"Ironically enough, even though at a smaller scale then our gas guzzling SUV's, the trends in Europe are the same; More midsize sedans/bigger cars are sold, and average gas mileage there has gone down as well."

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Robert Unseld [Robert.Unseld@elektronikjournal.de] from Germany, commented on our discussions about cloning and genetic engineering:

    "Cloning will take the diversity out of the genetic pool. Scientists might ever know enough about this very complex system to play around. If ever, it might be as in C.J. Cherryhs 'Cyteen' (the cloning Project Ariane Emory), where nearly everything is possible in shaping people, animals, whatever. Very interesting science fiction book anyway (main topic: the cloning of a genius, plus reproduction of her mental structures; what is inherited by genetics, and what comes out of rehabilitation or experiences). But there would be only a small variation of types in reproduced populations (10 million identical Jims, 3 million Roberts...), and only some few million `real´ citizens with freely combined genes (lightly enhanced in some extent to ban physical handicaps).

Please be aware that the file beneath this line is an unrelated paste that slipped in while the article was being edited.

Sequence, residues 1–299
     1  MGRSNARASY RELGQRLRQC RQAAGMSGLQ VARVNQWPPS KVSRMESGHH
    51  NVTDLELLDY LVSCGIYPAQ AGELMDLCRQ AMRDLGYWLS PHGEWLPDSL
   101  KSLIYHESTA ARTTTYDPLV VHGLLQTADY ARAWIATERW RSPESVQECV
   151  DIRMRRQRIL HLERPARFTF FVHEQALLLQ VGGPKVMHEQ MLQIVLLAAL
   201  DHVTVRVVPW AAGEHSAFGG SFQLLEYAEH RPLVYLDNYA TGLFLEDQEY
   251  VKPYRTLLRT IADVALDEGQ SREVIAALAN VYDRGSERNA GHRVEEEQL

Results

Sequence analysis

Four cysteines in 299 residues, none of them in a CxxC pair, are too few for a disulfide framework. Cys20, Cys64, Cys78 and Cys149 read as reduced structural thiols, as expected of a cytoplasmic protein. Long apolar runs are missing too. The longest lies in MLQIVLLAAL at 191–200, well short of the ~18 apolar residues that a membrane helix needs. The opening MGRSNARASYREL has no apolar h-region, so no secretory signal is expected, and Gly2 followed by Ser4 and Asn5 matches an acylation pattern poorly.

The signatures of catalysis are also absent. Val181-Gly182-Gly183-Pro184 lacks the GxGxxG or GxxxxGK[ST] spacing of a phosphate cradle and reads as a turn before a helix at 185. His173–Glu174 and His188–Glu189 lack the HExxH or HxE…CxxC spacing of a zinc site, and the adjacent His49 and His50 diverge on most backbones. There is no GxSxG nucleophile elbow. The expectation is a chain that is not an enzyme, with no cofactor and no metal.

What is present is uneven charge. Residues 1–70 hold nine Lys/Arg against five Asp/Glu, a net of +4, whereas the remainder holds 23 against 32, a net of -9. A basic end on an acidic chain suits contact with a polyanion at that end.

"Regarding genetically altered food: I read about some Italian scientists who found the genetic sequences of altered food in the blood and organs of cattle/pigs recently. That's a surprise, because normally the food shouldn't survive the passage through the stomach at all. Such news scares me a bit, to say the least."